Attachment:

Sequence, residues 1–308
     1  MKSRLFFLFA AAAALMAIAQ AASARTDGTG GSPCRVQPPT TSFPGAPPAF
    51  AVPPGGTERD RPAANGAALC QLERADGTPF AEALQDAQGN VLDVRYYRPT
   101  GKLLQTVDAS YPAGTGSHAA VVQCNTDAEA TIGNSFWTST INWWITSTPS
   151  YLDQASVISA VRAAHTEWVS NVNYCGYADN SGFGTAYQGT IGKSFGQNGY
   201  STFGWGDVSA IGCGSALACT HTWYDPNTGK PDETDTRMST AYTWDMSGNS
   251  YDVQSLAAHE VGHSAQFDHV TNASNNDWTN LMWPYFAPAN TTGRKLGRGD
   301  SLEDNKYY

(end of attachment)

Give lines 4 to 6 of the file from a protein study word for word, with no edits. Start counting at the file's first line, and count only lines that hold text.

   101  GKLLQTVDAS YPAGTGSHAA VVQCNTDAEA TIGNSFWTST INWWITSTPS
   151  YLDQASVISA VRAAHTEWVS NVNYCGYADN SGFGTAYQGT IGKSFGQNGY
   201  STFGWGDVSA IGCGSALACT HTWYDPNTGK PDETDTRMST AYTWDMSGNS